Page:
I think it is a 1000 % improvement. Nice. It looks my shop from many years ago in a different house.

I don’t have a lot of suggestions, and you seem to have identified the concerns. Dust removal at the first point that it exits a tool has really helped me.


-- -- I'm no rocket surgeon

View mpatrick's profile


54 posts in 2805 days

#4 posted 10-26-2010 03:10 PM

When I was starting to get my shop set up, it had bare concrete floor, badly poured at that. It seemed that I could sweep for hours and still get a pile of dust. I sealed the floor with epoxy floor coating from home depot. It made cleaning so much easier and there is far less concrete type dust. That coupled with my homemade air cleaner helped tremendously.

-- Michael...Houston, Texas

View WoodenSoldier's profile


161 posts in 2973 days

#5 posted 10-27-2010 04:37 AM

Thanks for the great feedback guys. Littlecope, great idea about the egg cartons. I think I’ll call a few of the diners around here this weekend!

For now, it’s back to the basement. Too bad I have to climb through a hatch in the floor to get to it. I can’t even get a sheet of plywood down there if I need to.

-- Create something everyday.

View Robb's profile


660 posts in 3962 days

#6 posted 10-27-2010 05:08 PM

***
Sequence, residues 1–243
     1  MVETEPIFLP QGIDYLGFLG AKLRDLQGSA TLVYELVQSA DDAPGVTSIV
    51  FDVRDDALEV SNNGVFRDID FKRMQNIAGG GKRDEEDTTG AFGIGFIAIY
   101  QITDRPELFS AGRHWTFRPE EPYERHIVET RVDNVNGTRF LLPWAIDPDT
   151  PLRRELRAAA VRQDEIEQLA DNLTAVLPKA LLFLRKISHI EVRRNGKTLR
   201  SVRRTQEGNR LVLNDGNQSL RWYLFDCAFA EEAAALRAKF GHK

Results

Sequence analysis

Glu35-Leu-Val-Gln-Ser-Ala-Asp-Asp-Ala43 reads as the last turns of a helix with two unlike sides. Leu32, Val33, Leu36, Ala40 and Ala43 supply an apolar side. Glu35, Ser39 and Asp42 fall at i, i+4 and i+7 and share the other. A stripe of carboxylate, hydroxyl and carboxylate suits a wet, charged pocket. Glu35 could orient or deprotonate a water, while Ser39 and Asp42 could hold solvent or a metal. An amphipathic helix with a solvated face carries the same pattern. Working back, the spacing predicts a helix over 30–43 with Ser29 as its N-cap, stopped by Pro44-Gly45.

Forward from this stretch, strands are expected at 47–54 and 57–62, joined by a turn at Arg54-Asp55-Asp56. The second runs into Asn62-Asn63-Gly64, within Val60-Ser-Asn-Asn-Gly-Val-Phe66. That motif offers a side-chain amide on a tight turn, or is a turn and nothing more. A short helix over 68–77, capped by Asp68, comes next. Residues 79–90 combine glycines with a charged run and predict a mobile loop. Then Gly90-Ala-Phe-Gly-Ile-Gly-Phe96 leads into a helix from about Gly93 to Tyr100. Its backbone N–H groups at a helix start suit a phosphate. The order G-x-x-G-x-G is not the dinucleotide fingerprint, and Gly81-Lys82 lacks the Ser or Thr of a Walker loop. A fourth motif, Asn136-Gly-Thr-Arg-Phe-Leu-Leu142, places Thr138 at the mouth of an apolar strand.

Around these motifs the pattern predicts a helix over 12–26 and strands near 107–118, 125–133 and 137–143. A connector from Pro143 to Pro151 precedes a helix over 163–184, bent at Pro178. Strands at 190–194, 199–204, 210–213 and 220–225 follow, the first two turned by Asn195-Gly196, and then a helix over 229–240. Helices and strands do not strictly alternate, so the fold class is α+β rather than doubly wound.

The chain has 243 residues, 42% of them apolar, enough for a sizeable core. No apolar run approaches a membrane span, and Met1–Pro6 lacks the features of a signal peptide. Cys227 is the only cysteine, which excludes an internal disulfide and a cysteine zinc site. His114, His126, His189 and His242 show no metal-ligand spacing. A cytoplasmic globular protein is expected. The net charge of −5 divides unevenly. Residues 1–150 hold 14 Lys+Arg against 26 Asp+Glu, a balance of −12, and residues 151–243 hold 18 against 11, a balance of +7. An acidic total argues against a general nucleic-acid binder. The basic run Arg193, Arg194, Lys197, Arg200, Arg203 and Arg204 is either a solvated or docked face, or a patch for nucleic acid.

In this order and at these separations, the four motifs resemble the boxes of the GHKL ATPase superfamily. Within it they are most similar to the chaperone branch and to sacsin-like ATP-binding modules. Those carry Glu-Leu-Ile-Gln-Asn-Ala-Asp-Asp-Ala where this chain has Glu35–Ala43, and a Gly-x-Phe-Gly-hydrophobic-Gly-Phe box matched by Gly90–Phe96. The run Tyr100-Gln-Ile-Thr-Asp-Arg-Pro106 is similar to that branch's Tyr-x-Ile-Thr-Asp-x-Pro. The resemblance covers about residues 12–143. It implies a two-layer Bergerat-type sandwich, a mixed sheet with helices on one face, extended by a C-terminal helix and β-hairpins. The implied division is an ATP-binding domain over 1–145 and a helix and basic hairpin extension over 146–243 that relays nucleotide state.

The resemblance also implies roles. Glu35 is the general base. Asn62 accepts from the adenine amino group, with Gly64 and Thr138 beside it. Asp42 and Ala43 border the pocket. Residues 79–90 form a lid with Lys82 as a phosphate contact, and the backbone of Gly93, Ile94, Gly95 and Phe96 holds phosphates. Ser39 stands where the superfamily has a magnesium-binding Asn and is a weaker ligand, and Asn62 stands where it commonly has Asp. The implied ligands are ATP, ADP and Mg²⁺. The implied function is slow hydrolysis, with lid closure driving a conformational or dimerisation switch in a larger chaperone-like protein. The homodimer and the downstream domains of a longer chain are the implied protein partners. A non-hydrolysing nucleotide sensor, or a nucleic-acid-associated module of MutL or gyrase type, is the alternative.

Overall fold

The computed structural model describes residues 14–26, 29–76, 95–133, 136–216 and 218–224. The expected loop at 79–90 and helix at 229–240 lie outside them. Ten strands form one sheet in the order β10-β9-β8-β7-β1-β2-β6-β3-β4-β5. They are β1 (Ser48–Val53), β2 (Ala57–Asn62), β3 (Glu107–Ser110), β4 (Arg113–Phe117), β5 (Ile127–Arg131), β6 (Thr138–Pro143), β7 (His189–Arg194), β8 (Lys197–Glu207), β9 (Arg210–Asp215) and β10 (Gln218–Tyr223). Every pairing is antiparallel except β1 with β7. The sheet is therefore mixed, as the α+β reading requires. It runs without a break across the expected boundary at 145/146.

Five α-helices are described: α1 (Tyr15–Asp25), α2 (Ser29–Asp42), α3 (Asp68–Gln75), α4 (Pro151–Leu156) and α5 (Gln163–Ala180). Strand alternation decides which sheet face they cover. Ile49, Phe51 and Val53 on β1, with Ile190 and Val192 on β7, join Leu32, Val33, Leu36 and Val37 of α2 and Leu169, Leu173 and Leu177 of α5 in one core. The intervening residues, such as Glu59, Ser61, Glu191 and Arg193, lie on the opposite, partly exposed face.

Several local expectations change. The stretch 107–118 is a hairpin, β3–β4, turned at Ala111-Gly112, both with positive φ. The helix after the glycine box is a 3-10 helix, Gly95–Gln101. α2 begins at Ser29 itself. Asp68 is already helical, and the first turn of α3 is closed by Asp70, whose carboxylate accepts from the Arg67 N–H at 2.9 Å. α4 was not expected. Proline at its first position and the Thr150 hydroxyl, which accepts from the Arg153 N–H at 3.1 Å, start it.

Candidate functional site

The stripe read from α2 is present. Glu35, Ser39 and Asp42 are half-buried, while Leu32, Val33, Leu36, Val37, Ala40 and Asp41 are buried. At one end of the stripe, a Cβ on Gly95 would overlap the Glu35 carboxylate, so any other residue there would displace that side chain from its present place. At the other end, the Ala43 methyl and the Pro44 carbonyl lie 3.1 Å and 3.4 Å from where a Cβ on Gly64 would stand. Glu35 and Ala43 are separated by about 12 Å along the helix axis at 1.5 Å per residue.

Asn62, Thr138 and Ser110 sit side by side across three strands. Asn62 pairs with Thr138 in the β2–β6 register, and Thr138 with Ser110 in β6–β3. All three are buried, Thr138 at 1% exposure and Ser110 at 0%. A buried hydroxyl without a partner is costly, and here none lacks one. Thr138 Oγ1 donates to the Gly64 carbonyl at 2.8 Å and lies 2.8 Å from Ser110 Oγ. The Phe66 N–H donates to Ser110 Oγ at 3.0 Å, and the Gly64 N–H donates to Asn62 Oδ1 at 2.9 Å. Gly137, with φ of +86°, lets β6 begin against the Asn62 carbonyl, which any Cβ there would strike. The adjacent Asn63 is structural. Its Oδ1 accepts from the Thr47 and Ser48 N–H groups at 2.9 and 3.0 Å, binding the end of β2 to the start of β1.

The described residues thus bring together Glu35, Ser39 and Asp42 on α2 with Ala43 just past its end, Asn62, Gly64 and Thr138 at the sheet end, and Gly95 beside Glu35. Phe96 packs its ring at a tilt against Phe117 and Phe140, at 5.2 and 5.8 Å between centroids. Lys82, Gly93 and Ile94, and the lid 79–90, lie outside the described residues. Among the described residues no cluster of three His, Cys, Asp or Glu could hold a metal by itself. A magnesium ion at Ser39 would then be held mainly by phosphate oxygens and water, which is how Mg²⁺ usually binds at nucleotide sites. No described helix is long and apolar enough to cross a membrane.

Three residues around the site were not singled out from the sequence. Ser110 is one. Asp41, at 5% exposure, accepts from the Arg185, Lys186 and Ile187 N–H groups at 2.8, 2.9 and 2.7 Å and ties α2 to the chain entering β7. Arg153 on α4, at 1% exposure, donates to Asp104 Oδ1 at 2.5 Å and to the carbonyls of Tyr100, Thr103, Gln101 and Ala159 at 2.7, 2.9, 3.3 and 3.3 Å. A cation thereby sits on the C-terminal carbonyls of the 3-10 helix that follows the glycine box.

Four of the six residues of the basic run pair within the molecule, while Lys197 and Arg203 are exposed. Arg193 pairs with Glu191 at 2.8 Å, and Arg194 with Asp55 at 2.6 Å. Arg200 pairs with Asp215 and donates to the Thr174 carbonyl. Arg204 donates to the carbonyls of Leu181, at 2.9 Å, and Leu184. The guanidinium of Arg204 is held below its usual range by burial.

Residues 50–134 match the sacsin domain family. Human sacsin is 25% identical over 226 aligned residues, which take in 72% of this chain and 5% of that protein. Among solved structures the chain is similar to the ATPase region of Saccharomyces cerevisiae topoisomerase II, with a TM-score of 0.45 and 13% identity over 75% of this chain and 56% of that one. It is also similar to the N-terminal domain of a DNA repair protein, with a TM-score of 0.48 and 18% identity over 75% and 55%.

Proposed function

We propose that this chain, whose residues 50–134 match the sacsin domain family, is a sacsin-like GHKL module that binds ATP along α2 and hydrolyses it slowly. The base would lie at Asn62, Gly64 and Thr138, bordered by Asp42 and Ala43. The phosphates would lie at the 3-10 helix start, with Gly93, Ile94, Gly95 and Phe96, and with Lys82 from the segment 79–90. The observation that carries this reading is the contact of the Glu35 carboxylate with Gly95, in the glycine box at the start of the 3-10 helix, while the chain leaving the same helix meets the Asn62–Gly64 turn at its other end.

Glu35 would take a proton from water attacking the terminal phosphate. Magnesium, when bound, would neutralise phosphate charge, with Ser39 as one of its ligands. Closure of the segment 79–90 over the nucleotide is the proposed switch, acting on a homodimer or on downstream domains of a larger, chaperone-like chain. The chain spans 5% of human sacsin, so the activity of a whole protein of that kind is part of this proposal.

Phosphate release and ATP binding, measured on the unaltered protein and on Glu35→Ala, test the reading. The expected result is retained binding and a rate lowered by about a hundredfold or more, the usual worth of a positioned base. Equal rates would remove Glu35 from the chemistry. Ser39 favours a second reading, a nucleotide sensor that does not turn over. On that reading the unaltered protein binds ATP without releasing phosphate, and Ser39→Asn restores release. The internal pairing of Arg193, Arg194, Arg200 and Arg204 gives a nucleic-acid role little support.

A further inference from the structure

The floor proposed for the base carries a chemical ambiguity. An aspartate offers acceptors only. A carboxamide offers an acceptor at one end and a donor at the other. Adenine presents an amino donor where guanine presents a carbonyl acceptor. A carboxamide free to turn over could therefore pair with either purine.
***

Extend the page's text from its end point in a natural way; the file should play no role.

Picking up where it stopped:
For filling in the odd spaces that the pipes create, could you use expanding foam insulation? It’s my favorite go-to for stuff like that. You could seal up what you can with the free wood you’re getting, then close the rest with foam. That’ll also help to contain the noise you make in your shop as well.

-- Robb

View helluvawreck's profile


31417 posts in 2895 days

#7 posted 10-27-2010 05:20 PM

I think your shop is looking pretty good. Keep up the good work.

-- helluvawreck aka Charles,

View Manitario's profile


2630 posts in 2911 days

#8 posted 10-27-2010 05:21 PM

I’d use fiberglass insulation between the ceiling joists and then staple vapour barrier over that; the insulation will easily sqeeze around the pipes and wires, and the vapour barrier will seal out the dust.

-- Sometimes the creative process requires foul language. -- Charles Neil